That’s what makes the latest news out of Mesa Public Schools (MPS) even more outrageous.


Mesa Public Schools: No Records Exist for Over $32.3 Million ‘COVID’ Expenditures

Mesa Public Schools: No Records Exist for Over $32.3 Million ‘COVID’ Expenditures

By Corinne Murdock |

Mesa Public Schools (MPS) won’t explain where over $32.3 million of their federal emergency funds slated for COVID-related expenditures went. The lack of transparency calls into question the amount of funds funneled into undisclosed areas potentially unrelated to education while teachers struggle for increased salaries and school supply funding. 

AZ Free News inquired with MPS about their COVID-19 expenditures after readers requested we look into reports that teachers were asking parents to donate basic supplies like paper because they were running out — and apparently their district wouldn’t cover it. In its annual financial report submitted last October, MPS reported nearly $40 million remaining in their maintenance and operation funds

That led AZ Free News to look into MPS expenditures. The millions we inquired about came from their latest public Elementary and Secondary School Emergency Relief (ESSER) report. Specifically, we inquired about what was behind the repeated listings of “indirect costs,” “other,” and “etc” expenditures that MPS allocated millions of dollars toward. AZ Free News focused on these expenditures:

  • Page 8: the “other (includes indirect costs)” totaling over $16 million
  • Page 9: the “etc” expenditures under PPE totaling nearly $1.7 million
  • Page 9: the “other” and “indirect costs” together totaling over $554,000
  • Page 10: the “COVID relief positions” totaling over $122,000
  • Page 10: the “indirect costs” totaling nearly $4.3 million
  • Page 12: the “indirect costs” totaling over $9.6 million

With each public records request, MPS officials would refer us back to the public ESSER report. After several follow-ups, MPS General Counsel Kacey King informed AZ Free News that MPS could not fulfill the request further because explanation of those additional expenditures in full would require MPS to “create records.” Under Arizona law, government entities aren’t required to create records that they don’t have. 

In all, Arizona has received over $4 billion in ESSER funding. MPS received some of the largest bulk of that funding, coming in second for most ESSER funds received: around $229.2 million, coming in second only to Tucson Unified School District (TUSD).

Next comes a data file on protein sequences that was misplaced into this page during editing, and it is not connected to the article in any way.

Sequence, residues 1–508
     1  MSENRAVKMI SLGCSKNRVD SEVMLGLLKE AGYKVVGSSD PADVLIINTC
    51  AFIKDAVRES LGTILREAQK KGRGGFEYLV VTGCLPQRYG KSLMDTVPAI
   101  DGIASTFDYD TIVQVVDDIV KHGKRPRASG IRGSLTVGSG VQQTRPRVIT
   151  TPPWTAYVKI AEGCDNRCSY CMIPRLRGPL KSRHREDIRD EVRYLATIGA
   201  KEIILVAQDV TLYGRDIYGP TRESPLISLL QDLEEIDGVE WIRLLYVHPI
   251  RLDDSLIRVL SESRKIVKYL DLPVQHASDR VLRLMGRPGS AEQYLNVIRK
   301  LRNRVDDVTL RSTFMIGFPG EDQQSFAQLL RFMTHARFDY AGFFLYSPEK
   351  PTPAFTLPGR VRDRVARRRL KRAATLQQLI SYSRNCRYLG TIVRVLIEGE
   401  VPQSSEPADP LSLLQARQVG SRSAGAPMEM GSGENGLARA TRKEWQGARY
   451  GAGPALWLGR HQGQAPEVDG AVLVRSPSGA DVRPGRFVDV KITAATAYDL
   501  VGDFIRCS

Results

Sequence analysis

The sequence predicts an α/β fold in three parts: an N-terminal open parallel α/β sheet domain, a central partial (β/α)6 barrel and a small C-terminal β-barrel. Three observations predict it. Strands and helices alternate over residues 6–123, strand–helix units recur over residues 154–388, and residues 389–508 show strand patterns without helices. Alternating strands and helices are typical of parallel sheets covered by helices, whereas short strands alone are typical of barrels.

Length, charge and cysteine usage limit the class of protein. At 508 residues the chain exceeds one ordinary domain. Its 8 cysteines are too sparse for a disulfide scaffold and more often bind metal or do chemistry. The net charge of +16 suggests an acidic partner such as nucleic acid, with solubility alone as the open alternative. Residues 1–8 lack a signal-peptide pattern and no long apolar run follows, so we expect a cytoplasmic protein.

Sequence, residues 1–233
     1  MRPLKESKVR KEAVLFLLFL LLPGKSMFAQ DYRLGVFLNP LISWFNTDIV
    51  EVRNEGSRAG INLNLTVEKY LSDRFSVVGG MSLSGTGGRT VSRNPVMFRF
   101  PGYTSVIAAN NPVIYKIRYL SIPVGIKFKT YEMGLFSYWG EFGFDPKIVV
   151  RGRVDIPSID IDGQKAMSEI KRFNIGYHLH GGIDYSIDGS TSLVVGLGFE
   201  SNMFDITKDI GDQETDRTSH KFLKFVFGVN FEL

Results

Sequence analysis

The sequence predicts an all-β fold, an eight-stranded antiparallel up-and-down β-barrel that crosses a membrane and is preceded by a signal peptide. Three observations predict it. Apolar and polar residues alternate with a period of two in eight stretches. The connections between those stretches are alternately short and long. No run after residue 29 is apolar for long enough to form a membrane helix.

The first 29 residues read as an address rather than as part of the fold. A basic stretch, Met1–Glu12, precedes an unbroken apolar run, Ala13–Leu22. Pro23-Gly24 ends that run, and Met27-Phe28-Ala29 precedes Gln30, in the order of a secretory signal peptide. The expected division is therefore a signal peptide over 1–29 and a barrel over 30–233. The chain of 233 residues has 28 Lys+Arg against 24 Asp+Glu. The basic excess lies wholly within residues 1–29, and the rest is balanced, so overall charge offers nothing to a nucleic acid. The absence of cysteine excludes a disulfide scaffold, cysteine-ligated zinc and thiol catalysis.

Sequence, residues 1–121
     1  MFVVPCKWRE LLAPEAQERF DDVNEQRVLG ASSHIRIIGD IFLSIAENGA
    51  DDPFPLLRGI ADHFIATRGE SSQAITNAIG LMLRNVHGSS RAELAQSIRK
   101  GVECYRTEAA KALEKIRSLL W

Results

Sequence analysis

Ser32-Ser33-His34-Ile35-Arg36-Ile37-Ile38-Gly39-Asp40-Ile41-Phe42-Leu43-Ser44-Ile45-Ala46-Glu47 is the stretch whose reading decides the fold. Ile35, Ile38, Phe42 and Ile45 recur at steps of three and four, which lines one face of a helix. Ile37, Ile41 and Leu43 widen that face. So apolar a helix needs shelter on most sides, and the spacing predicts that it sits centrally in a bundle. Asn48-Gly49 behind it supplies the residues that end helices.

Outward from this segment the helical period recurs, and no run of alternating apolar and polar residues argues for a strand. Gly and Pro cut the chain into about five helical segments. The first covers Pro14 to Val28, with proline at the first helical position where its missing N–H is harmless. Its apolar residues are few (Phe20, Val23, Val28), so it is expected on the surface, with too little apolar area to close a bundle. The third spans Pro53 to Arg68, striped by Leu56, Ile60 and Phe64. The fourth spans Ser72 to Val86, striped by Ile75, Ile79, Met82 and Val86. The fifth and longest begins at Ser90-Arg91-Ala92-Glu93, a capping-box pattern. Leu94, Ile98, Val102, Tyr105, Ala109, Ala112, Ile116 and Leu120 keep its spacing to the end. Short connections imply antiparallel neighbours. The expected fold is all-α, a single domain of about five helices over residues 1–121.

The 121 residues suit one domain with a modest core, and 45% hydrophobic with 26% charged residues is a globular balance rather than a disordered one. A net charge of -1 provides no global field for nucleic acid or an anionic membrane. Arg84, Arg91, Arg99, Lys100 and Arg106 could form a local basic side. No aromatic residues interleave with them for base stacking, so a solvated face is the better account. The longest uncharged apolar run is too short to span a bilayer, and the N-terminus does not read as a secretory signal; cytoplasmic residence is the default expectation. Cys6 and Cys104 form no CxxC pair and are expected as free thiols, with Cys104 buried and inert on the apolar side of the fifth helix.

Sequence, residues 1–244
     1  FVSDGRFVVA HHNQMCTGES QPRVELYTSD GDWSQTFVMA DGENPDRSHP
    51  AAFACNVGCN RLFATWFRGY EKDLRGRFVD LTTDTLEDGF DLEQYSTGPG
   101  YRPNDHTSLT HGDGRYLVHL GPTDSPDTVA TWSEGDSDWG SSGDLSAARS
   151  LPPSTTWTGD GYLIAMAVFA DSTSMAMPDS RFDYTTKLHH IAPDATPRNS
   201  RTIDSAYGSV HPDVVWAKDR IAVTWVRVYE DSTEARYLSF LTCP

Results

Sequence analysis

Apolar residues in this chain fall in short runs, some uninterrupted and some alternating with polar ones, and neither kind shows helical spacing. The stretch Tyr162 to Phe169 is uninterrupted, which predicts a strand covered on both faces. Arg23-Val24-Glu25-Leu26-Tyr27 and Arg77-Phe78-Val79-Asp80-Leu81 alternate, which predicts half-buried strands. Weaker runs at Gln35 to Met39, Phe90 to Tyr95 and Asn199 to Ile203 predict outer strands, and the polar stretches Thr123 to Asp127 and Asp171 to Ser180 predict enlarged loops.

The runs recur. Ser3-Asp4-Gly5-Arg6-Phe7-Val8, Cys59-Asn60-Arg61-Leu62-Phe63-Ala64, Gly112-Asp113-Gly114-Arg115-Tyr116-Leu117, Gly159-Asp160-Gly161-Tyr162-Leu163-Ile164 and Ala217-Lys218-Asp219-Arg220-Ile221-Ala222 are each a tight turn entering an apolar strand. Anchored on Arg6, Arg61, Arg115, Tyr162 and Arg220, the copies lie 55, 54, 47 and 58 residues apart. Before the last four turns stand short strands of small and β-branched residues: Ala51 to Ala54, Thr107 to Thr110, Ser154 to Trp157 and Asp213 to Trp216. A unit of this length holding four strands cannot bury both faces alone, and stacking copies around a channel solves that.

Corinne Murdock is a reporter for AZ Free News. Follow her latest on Twitter, or email tips to

Congress Can’t Use COVID Relief To Stop State Tax Cuts

Congress Can’t Use COVID Relief To Stop State Tax Cuts

By the Goldwater Institute |

With states still feeling the economic damage done by the COVID-19 pandemic, President Joe Biden signed the “American Rescue Plan Act” to give states billions of federal dollars to help them recover. But there’s a catch: The Act effectively prohibits states that take the money from cutting taxes through 2024. That’s unconstitutional—and the Goldwater Institute is joining one legal challenge to it.

Congress can sometimes put conditions on grants to states, but it can’t take advantage of an emergency to coerce states into giving up control of such an important issue of state policy, and it can’t impose a condition on a grant that has nothing to do with the grant’s purpose. That’s why many state attorneys general have filed federal lawsuits challenging this “Tax Mandate”—and it’s why the Goldwater Institute has filed a brief supporting the state of Ohio’s challenge.


provision in the Act says that states cannot use federal grant money to “directly or indirectly offset” a loss of revenue resulting from a tax cut enacted between March 2021 and the end of 2024. If they do, the U.S. Secretary of the Treasury will take the federal money back, up to the amount of revenue the state lost. That appears to mean that states that cut taxes between now and 2024 will have to pay back some or all their grant money.

The Tax Mandate’s defenders say this is just to make sure states actually use federal money for COVID relief. But the Tax Mandate doesn’t actually do that. The Act lists four broad categories of things a state can spend federal grant money on. After states spend the money, they have to report how they spent it to the Treasury Secretary. If the Secretary determines that a state spent money on something that doesn’t fall into one of those categories, she can take that money back.

So if a state receives a grant of, say, $5 billion, it has to show that it spent $5 billion on things the Act allows. If some things it reports weren’t appropriate uses of the money, the Secretary can recoup that portion of the grant. That alone ensures that states spend their federal grants for the purposes Congress intended.

The Tax Mandate, on the other hand, does not help ensure that states spend their grant money properly. Instead, it focuses on whether a state indirectly used federal funds to offset revenue lost as a result of tax cuts. That might make sense if the Act were otherwise designed to deny federal money to states that could afford to pay for their own COVID relief (if they put other policy priorities aside). But the Act doesn’t do that.